Our weekend kicked off with a workshop from TABI’s own Mick Frankel on the subject of astrology, the court cards and the four elements. After learning about the attributes of the astrological signs and their corresponding royals, twelve lucky participants got to perform a short ritual together, illustrating the thematic connections between cards of each suit and status and their relative elements.
Best of all, Mick carried out a couple of sample readings. In a very airy reading (in the elemental sense, that is) Mary learned that she’s on the right track with her current business venture, but would benefit from bringing in a little King of Swords ruthlessness, whilst Susan drew a trio of Queens and found that it may be a good time to rein in the fiery tempers she’s working with and bring things down to earth for a time.
After lunch and only a mild panic (Louise’s face was a picture) about whether Anne-Marie Kell would arrive on time for her talk, we were treated to a journey through the unique Faulkner deck, created by Rhiannon Faulkner – a new tarot which aims to break with traditions and instead use modern images so that querents might relate more closely to their readings. Anne-Marie explained how the simple black and white photographs on each card featured members of the creator’s family, and was dedicated to the memory of her late husband, who features in many of the cups cards. As we worked through the deck, Anne-Marie offered additional insights into the cards’ meanings which Faulkner felt had come to her via a spirit guide.
Our last Saturday session came from TABI veteran Ania Marczyk, who took us ‘Trumping through Time’ as we learned about the history of cards and card playing, beginning with the invention of paper in China and following a train of ornate and beautiful decks as card-playing’s popularity spread through Turkey and into Europe. New games and variants were being created all the time, but it wasn’t until the 1400s when a Milanese deck was created which would form the basis of what we now recognize as tarot. Ania treated us to some stunning images of centuries-old cards, hand-painted and intricately made, showing the four suits (coins, swords, cups and, er, polo sticks!) Other cards, clearly created for a hunting family, had suits represented by ducks, hawks, hounds and stags, and there was even an early circular deck.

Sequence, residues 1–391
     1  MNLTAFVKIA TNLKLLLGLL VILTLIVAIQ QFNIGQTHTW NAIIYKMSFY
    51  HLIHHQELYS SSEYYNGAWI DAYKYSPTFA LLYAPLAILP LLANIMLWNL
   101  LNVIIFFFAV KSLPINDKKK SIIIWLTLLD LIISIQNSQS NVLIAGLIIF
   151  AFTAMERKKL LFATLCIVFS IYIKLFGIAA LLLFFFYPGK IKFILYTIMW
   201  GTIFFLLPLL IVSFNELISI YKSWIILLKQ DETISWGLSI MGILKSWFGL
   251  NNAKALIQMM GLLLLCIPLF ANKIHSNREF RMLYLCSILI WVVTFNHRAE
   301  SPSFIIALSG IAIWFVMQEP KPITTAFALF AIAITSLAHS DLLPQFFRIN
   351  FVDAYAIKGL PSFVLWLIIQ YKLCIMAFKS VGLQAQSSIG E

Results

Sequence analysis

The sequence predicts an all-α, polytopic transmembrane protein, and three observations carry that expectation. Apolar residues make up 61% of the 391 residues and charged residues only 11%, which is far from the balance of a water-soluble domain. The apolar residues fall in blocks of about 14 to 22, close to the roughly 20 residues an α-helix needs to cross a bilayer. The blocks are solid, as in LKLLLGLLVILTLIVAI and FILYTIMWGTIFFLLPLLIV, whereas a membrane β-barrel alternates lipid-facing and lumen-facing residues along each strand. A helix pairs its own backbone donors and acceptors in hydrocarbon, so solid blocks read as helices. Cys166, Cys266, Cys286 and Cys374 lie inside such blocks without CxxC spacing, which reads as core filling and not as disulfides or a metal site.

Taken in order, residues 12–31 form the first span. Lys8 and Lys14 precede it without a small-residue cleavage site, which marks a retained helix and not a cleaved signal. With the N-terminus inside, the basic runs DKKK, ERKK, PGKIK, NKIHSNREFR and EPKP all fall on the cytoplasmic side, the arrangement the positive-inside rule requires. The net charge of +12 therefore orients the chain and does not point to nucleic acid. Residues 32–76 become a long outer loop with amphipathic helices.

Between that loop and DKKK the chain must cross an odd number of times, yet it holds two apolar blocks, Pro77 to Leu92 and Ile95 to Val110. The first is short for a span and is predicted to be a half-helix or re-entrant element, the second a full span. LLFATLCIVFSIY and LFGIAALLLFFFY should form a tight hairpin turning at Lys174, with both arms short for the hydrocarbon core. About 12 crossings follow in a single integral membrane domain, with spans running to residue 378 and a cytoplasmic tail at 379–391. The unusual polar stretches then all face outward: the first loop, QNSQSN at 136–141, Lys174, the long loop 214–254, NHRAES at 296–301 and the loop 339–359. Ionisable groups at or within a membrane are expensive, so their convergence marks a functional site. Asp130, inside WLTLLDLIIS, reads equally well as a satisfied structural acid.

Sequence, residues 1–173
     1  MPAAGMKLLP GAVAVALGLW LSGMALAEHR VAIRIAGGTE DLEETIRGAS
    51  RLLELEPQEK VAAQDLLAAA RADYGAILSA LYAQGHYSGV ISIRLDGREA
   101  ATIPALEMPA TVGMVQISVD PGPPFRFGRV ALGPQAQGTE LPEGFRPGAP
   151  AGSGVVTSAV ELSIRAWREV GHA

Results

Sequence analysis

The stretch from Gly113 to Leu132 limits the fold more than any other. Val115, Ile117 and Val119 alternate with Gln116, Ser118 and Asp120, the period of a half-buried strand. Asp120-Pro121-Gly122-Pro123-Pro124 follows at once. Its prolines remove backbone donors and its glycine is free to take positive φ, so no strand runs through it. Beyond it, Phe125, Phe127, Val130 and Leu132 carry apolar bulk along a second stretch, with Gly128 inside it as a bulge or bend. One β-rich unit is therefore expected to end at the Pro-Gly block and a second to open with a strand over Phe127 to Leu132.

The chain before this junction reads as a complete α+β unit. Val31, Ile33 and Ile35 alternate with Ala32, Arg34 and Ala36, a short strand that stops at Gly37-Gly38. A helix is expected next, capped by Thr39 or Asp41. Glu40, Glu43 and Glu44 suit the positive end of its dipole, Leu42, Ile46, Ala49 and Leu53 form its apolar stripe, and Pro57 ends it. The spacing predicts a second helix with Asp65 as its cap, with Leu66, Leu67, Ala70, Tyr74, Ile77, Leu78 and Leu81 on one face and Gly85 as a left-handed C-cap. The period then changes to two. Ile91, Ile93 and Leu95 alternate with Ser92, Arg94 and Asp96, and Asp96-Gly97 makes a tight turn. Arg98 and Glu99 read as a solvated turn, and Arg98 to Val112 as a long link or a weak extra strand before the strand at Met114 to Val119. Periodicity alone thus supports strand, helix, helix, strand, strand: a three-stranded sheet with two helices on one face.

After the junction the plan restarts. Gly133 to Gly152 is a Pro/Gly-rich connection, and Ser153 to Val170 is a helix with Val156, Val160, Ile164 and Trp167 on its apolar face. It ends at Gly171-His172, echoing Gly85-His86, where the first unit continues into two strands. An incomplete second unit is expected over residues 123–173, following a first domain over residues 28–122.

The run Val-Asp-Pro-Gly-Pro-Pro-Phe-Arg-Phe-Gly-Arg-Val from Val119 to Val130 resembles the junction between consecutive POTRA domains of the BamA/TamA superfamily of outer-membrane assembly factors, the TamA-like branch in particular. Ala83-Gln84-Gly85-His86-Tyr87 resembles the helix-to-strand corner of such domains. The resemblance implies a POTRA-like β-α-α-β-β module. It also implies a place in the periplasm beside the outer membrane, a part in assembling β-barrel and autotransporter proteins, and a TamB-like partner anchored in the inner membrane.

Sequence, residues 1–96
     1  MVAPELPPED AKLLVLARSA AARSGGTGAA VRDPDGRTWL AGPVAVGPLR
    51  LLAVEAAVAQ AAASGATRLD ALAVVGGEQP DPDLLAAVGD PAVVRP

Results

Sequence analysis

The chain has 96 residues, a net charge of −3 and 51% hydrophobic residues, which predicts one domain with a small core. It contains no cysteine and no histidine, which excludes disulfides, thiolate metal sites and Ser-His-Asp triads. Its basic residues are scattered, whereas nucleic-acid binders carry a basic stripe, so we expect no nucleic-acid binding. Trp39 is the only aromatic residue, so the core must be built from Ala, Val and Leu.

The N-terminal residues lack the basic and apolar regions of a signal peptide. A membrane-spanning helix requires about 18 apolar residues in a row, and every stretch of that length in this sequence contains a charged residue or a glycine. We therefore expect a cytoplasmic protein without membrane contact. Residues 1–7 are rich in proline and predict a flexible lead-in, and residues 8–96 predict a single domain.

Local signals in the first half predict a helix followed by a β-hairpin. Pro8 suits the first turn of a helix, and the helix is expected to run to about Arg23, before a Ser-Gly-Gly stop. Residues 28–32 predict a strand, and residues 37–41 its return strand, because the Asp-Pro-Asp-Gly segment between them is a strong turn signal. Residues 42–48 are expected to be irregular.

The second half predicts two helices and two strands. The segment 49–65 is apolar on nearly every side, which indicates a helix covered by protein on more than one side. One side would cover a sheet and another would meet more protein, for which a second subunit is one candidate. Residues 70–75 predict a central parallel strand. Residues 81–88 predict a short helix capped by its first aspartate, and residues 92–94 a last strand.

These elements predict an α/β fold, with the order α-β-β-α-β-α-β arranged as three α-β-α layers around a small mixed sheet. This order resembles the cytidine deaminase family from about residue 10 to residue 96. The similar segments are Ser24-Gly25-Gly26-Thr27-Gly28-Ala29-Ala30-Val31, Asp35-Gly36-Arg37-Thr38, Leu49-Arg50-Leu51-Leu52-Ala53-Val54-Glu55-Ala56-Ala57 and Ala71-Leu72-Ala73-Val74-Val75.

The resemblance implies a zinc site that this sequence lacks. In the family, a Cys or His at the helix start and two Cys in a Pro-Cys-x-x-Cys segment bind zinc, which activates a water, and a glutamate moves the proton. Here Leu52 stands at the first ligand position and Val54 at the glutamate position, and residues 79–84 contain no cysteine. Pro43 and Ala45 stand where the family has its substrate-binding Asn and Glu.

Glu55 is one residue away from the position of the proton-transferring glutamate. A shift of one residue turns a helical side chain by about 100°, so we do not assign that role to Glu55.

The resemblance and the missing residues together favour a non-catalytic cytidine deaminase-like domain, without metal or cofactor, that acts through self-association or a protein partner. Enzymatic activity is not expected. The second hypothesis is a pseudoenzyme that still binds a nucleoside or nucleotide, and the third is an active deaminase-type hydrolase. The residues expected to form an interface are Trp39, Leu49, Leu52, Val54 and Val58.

Equally fascinating were lists of Major Arcana cards showing variations across the different nations. So we rediscovered long-forgotten international trumps such as The Ship, The House of God, The Traitor, and good old ‘Misery’.
|In the seminar room|
Ania’s trumps game was a fun and laid-back way to end our first busy day – I’m not sure quite how Mojo got her new ‘Cardshark’ nickname but over on my table a good time was had by all ;)
I wasn’t around for the evening socialising, but I know that our hard-grafting chair Louise was thanked for all the work in putting together this year’s conference – along with everyone else who’s worked away behind the scenes – and given a lovely bunch of flowers.
On Sunday morning I decided that I should try to be professional about my blogging duties and conducted a little interview with our diligent New Member Reading Co-ordinator Alison. She told me she’d really enjoyed unwinding with Ania’s card game yesterday, as well as putting new faces to names throughout the day, getting to know the personalities behind our web personae. Alison was particularly interested in Theresa Reed’s upcoming business website workshop, since she’s been trying to build her own website for a number of years and can’t quite seem to hit on the right approach.